The -seed option sets the seed for the pseudo-random number generator used for generating test cases. The argument to -seed is a nonnegative integer. Executing the same compiled testfloat program with the same arguments (including the same pseudo-random number seed) should always perform the same sequence of tests, whereas changing the pseudo-random number seed should result in a different sequence of tests. The default seed number is 1.

-level <num>

The -level option sets the level of testing. The argument to -level can be either 1 or 2. The default is level 1. Level 2 performs many more tests than level 1 and thus can reveal bugs not found by level 1.

-errors <num>

The -errors option instructs testfloat to report no more than the specified number of errors for any combination of operation, rounding mode, etc. The argument to -errors must be a nonnegative decimal integer. Once the specified number of error reports has been generated, testfloat ends the current test and begins the next one, if any. The default is -errors 20.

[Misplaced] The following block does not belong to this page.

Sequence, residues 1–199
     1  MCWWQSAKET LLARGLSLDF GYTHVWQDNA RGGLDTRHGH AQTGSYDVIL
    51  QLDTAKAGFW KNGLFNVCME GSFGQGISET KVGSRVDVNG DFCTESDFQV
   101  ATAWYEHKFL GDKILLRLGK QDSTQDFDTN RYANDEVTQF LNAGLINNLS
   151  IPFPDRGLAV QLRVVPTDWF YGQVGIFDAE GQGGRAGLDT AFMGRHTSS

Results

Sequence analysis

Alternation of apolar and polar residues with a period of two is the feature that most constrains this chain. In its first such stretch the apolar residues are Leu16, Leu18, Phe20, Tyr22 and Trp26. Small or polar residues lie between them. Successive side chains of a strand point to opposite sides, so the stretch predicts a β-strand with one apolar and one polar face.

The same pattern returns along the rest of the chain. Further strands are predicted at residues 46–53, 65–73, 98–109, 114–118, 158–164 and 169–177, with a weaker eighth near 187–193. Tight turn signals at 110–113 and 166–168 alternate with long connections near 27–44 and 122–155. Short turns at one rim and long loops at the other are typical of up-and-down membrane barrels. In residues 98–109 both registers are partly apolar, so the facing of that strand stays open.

Against intuition, -errors 0 causes testfloat to report every error it finds.


The -errorstop option causes the program to exit after the first operation for which any errors are reported.


The -forever option causes a single operation to be repeatedly tested. Only one rounding mode and/or rounding precision can be tested in a single execution. If not specified, the rounding mode defaults to nearest/even. For 80-bit double-extended-precision operations, the rounding precision defaults to full double-extended precision. The testing level is set to 2 by this option.


The -checkNaNs option causes testfloat to verify the bitwise correctness of NaN results. In order for this option to be sensible, testfloat must have been compiled so that its internal reference implementation of floating-point (Berkeley SoftFloat) generates the proper NaN results for the system being tested.

-precision32, -precision64, -precision80